Black money menace & the ways to curb it
The Scourge of black money
India has long been plagued by the menace of unaccounted money – the wealth that is created, possessed, or transferred without the knowledge of the taxing arm of the government. The wealth, mostly ill-gotten, goes by euphemism ‘black money’. It is so ubiquitous that politicians, film script writers, businessmen, professionals, and even school children talk about it with no sense of shame. Tragically, a property dealer, or a trader offering to accept or make payment strictly through check is looked upon as an ‘abnormal’ citizen, out of touch with modern times. Such is the distortion of ethical values in our society.
The unaccounted wealth has played havoc with the socio-economic fabric of our society. At the root of most ills we see today is this scourge of ‘black money’. Many experts and institutions have tried to assess the size of this gargantuan monster. Their estimates vary greatly. Such discrepancy is understandable as cash transactions done outside the banking system seldom leave any trail. Often wild guesses are made about the money stashed abroad. For the common man, it is this wealth which has left the shores of India possibly for good that causes the maximum consternation.
There is clearly a need to estimate the black money both inside and outside the country. The more robust the method of estimating the black money, the easier will be the task of unearthing it.
Very recently, the National Institute of Public Finance and Policy has unveiled a report that pegs the size of the parallel economy at three fourths of the GDP. This figure where 75% of the nation’s GDP is hidden below the radar is very disturbing indeed. The loss to the national exchequer through lost taxes and duties is massive. For a resource-starved country like India, leakage of government’s income in such massive scale is alarming. The country runs budget deficits year after year, and can’t undertake important development projects due to paucity of resources. In such a scenario, if a part of this lost income can be claimed by the government through higher recovery of taxes, the chronic budget deficit will vanish and the country can garner funds for the infrastructure and other sectors crying for investment.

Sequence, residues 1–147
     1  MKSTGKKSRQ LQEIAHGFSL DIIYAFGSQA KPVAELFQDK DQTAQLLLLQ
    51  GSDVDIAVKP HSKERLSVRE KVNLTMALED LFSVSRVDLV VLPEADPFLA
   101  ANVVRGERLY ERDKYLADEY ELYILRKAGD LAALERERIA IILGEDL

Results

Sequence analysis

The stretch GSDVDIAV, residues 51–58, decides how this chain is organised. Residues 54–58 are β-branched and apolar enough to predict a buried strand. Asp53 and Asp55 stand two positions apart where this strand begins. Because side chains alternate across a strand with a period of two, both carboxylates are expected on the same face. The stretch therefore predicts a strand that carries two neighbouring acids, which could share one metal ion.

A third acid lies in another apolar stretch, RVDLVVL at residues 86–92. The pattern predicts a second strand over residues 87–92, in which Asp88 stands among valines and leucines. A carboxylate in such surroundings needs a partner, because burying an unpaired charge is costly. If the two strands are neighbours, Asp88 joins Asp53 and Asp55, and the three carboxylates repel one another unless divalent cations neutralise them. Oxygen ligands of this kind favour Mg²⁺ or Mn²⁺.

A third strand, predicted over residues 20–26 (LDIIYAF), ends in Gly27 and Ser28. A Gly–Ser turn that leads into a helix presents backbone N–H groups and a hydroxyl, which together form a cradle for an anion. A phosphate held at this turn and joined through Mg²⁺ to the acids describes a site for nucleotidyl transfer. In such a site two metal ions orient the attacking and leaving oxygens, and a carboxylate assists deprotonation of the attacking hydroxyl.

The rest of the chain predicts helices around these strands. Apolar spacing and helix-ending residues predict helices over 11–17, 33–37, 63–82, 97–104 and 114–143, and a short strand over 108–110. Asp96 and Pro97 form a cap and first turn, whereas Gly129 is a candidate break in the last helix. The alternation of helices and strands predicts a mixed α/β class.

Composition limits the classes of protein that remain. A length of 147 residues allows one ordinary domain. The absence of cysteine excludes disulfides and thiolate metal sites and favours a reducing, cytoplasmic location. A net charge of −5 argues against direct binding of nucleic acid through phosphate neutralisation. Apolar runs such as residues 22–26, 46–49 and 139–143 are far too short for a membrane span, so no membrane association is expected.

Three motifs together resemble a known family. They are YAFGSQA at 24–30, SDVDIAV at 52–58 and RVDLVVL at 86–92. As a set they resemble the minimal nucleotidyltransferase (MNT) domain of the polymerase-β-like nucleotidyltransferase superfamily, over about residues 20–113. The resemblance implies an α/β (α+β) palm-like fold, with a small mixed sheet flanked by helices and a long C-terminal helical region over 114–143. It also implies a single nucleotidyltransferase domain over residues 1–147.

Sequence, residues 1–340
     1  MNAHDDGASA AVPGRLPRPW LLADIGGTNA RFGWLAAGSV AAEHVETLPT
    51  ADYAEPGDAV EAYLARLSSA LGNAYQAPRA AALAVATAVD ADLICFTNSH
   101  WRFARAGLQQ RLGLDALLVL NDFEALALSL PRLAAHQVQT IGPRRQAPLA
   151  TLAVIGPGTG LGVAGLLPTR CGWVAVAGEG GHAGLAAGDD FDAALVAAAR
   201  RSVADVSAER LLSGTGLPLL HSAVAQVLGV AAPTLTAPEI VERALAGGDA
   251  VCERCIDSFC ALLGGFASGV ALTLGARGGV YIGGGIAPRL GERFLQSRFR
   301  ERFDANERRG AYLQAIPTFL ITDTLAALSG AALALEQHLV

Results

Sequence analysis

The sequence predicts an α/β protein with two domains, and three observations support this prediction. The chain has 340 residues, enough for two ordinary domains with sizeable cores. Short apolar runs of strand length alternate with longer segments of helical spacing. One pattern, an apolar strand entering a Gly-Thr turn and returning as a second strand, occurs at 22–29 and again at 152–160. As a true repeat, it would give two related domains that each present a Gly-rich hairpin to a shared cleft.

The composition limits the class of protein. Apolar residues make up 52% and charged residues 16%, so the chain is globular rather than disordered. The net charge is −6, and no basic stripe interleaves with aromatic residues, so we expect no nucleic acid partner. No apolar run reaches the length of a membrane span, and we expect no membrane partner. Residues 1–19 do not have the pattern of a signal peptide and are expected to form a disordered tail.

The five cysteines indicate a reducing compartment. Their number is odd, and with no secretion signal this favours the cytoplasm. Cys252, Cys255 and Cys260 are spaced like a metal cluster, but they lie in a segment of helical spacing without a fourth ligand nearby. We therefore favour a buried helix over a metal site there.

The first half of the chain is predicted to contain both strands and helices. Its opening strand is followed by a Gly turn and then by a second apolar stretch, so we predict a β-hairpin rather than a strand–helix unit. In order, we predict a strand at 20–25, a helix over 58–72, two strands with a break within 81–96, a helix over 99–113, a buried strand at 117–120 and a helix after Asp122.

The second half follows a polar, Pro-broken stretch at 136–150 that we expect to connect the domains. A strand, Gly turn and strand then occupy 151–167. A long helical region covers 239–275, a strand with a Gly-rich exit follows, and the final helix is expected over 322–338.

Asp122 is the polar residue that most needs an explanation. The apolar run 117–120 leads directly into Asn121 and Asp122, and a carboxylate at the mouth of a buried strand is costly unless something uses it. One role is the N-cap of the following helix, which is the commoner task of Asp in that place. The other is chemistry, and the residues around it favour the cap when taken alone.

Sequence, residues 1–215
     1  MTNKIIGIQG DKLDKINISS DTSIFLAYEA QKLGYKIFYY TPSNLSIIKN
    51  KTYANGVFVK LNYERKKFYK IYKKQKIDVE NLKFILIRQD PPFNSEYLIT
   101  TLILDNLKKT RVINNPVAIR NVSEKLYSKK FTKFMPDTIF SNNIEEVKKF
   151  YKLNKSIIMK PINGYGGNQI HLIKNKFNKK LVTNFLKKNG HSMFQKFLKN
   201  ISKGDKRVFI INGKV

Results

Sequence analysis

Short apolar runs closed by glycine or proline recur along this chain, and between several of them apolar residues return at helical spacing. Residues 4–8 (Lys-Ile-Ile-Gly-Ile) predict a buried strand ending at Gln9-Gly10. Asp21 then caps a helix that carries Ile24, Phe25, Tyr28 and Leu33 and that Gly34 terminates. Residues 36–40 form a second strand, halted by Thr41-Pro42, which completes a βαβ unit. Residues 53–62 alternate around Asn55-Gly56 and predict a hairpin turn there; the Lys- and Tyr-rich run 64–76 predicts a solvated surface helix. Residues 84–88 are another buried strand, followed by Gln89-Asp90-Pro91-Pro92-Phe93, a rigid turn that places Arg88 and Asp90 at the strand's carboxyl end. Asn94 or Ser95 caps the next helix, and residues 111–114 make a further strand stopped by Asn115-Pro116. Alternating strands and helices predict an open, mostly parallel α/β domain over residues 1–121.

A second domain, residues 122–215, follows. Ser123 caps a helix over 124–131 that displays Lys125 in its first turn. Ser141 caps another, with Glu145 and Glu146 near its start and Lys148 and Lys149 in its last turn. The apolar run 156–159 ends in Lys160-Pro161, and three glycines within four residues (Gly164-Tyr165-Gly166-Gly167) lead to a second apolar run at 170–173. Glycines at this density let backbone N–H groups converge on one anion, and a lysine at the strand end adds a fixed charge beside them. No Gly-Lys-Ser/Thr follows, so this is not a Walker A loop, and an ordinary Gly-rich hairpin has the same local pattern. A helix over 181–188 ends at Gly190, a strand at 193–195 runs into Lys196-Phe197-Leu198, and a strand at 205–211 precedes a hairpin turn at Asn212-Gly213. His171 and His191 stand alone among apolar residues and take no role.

The NIPFP study has identified four major founts of black money. These are property transactions in real estate sector, mining business, private education, and, most regrettably, diversion from government subsidy schemes.
Diversion of subsidised kerosene to the open market alone has generated a whopping Rs.11,910 crore. This is about 50% of the total government subsidy provided for kersonene last year. One can’t ignore the possibility of still bigger leakages in respect of other subsidies, and social welfare schemes.
The largest contributor to the black money kitty is the murky real estate sector where nearly every transaction has a fair component of black money. The amount involved is mind-bogglingly large. It is estimated to be as big as the Plan expenditure of the government. Recent modifications to the property registration process such as the need for the PAN card, photograph of the seller etc. have brought in some degree of transparency to the process, but it is not enough.
The more effective way of curbing undervaluation of properties at the time of registration seems to be the regular revision of guideline values of properties. We often see that guideline values are substantially lower than prevailing market prices. , This allows registrations at lower prices. The loss of stamp duty is considerable. Apart from this, with every transaction huge amounts of black money gets pumped into the system. This underlines the need for aligning the guidance values with the market rates.
The mining industry is another big offender with regard to generation of black money. Mining companies routinely under-invoice sales, under-report output, and inflate expenses. All these practices can be curbed very effectively if the state mining department, railways and the income tax department work in tandem with the banks. Political will and vested interests have stood in the way of such administrative unity.
To prod greater degree of compliance by companies and individuals, taxation rules, rates and payment procedures must be made less cumbersome and more user-friendly. The present public perception about sales tax, income tax and customs officials is rather hostile. This has to change. They should work to foster an atmosphere where the tax-paying entities feel happy to pay their government dues promptly and truthfully.